• Denard P.J.
      • Callegari J.J.
      • McGarry M.
      • et al.
      The addition of remplissage to free bone block restores translation and stiffness compared to bone block alone or Latarjet in a bipolar bone loss model.
      Why would this be the case? My personal observation when performing these procedures in the lateral decubitus position for patients with critical bipolar bone loss is that the humeral head is anteriorly and inferiorly subluxed. This is most likely due to the incompetent restraints when in traction. A bone block procedure alone doesn’t necessarily reduce the glenohumeral center of rotation; rather it increases the “jump distance,” making it more difficult for the humerus to dislocate over the bone block. However, the remplissage procedure not only makes the Hill-Sachs lesion extra-articular and prevents the defect from levering out the humerus, but also seems to pull the humeral head posteriorly, centering it in the glenoid. This provides a posterior tether to the humeral head while increasing the “jump distance” over the bone block even further.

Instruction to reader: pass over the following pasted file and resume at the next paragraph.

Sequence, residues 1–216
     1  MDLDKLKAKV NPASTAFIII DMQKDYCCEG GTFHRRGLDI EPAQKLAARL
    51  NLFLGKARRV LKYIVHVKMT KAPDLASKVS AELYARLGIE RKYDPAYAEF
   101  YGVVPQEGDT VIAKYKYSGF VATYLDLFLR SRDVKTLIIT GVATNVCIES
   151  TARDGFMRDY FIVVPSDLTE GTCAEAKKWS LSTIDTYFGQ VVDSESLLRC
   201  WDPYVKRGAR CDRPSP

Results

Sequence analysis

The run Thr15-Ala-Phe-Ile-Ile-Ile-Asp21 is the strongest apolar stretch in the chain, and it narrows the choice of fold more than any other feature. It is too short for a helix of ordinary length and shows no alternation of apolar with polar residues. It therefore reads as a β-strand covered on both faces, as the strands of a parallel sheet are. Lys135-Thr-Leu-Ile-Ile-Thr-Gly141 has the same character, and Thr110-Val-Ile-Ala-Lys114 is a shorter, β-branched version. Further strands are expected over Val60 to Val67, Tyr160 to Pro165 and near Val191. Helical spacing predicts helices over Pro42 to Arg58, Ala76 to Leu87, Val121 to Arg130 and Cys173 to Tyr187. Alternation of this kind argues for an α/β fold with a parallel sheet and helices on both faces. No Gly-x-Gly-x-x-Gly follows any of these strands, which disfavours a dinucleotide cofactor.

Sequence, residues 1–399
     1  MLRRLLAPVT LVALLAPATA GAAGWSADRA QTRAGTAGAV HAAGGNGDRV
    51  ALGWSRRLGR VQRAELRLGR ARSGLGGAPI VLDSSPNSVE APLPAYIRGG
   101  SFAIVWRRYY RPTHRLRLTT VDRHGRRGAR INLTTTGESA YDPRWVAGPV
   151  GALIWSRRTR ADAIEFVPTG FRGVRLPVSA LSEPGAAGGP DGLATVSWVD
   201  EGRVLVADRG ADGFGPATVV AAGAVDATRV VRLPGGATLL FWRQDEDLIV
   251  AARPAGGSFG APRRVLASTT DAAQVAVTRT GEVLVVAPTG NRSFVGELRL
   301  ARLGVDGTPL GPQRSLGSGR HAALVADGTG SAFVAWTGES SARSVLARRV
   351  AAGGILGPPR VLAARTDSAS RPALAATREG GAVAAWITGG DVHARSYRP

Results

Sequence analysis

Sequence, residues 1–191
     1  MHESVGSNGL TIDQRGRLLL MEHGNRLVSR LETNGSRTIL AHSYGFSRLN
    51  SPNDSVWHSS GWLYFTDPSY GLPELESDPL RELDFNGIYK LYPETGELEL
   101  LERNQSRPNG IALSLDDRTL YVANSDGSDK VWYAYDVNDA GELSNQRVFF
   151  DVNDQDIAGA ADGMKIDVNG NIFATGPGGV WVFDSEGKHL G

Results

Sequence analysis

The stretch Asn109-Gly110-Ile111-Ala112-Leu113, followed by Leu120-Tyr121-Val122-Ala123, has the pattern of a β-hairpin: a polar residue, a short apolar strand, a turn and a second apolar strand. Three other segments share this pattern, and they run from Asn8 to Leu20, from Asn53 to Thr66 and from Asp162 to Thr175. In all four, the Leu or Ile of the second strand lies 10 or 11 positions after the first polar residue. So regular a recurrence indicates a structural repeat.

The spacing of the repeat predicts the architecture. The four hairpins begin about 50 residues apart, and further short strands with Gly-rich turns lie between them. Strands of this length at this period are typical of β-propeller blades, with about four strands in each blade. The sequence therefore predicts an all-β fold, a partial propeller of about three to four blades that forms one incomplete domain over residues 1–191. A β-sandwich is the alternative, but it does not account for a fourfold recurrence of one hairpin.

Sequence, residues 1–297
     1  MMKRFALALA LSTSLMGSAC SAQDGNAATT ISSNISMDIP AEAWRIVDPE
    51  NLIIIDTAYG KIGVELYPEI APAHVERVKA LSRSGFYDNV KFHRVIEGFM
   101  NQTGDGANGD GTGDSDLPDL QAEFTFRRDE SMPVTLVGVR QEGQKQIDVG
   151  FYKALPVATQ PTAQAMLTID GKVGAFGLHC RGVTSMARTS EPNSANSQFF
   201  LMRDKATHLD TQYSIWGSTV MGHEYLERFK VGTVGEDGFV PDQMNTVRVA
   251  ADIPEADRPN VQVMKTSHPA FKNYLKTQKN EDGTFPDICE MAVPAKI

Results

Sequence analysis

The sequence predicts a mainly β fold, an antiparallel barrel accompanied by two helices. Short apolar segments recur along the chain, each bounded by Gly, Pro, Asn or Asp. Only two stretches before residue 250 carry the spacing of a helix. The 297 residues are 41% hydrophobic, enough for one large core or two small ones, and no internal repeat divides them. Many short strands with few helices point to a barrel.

So why haven’t we seen the combined bone block/Latarjet and the remplissage procedure performed more commonly? Traditionally, the bone block procedure/Latarjet procedures have been performed in an open fashion, while the remplissage procedure has been performed arthroscopically. Additionally, since current literature reports acceptable results with an anterior procedure alone, there hasn’t been a significant push toward a combined approach. However, with more surgeons performing the arthroscopic bone block procedures and with the results of the current biomechanical study, one can anticipate a significant increase in remplissage augmented bone block procedures in patients with bipolar bone loss. But questions still remain. Do the current biomechanical results translate to clinical outcomes? Will the clinical results actually confirm basic science conclusions or will the combined procedure fade away like the double bundle ACL reconstruction? Although my sample size over the last 3 years has been small, I have been extremely pleased with the results of an arthroscopic free bone block (distal tibial allograft) and remplissage for patients with critical bipolar bone loss. However, only time (and a larger sample size) will tell.

      Supplementary Data

      References